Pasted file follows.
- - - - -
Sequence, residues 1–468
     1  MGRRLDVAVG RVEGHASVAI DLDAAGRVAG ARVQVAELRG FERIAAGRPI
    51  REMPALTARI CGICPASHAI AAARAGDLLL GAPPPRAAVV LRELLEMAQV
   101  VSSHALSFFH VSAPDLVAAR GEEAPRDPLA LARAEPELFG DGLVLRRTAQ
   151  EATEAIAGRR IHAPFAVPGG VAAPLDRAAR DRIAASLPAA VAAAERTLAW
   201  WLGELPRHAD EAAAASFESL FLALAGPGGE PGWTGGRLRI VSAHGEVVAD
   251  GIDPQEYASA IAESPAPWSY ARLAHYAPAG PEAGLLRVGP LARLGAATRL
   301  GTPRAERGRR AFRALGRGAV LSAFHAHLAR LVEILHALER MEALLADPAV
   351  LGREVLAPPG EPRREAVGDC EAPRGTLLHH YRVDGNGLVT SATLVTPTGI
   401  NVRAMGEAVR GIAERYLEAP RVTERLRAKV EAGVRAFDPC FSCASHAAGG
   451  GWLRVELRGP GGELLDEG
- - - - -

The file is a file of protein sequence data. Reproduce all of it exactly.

Sequence, residues 1–468
     1  MGRRLDVAVG RVEGHASVAI DLDAAGRVAG ARVQVAELRG FERIAAGRPI
    51  REMPALTARI CGICPASHAI AAARAGDLLL GAPPPRAAVV LRELLEMAQV
   101  VSSHALSFFH VSAPDLVAAR GEEAPRDPLA LARAEPELFG DGLVLRRTAQ
   151  EATEAIAGRR IHAPFAVPGG VAAPLDRAAR DRIAASLPAA VAAAERTLAW
   201  WLGELPRHAD EAAAASFESL FLALAGPGGE PGWTGGRLRI VSAHGEVVAD
   251  GIDPQEYASA IAESPAPWSY ARLAHYAPAG PEAGLLRVGP LARLGAATRL
   301  GTPRAERGRR AFRALGRGAV LSAFHAHLAR LVEILHALER MEALLADPAV
   351  LGREVLAPPG EPRREAVGDC EAPRGTLLHH YRVDGNGLVT SATLVTPTGI
   401  NVRAMGEAVR GIAERYLEAP RVTERLRAKV EAGVRAFDPC FSCASHAAGG
   451  GWLRVELRGP GGELLDEG